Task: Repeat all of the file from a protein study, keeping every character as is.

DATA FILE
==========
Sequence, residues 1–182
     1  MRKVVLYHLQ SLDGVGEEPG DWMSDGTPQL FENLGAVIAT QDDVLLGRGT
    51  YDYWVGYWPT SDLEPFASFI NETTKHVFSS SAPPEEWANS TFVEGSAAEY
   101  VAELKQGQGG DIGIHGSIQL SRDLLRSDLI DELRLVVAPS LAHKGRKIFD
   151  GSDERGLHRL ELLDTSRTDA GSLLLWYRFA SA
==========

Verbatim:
Sequence, residues 1–182
     1  MRKVVLYHLQ SLDGVGEEPG DWMSDGTPQL FENLGAVIAT QDDVLLGRGT
    51  YDYWVGYWPT SDLEPFASFI NETTKHVFSS SAPPEEWANS TFVEGSAAEY
   101  VAELKQGQGG DIGIHGSIQL SRDLLRSDLI DELRLVVAPS LAHKGRKIFD
   151  GSDERGLHRL ELLDTSRTDA GSLLLWYRFA SA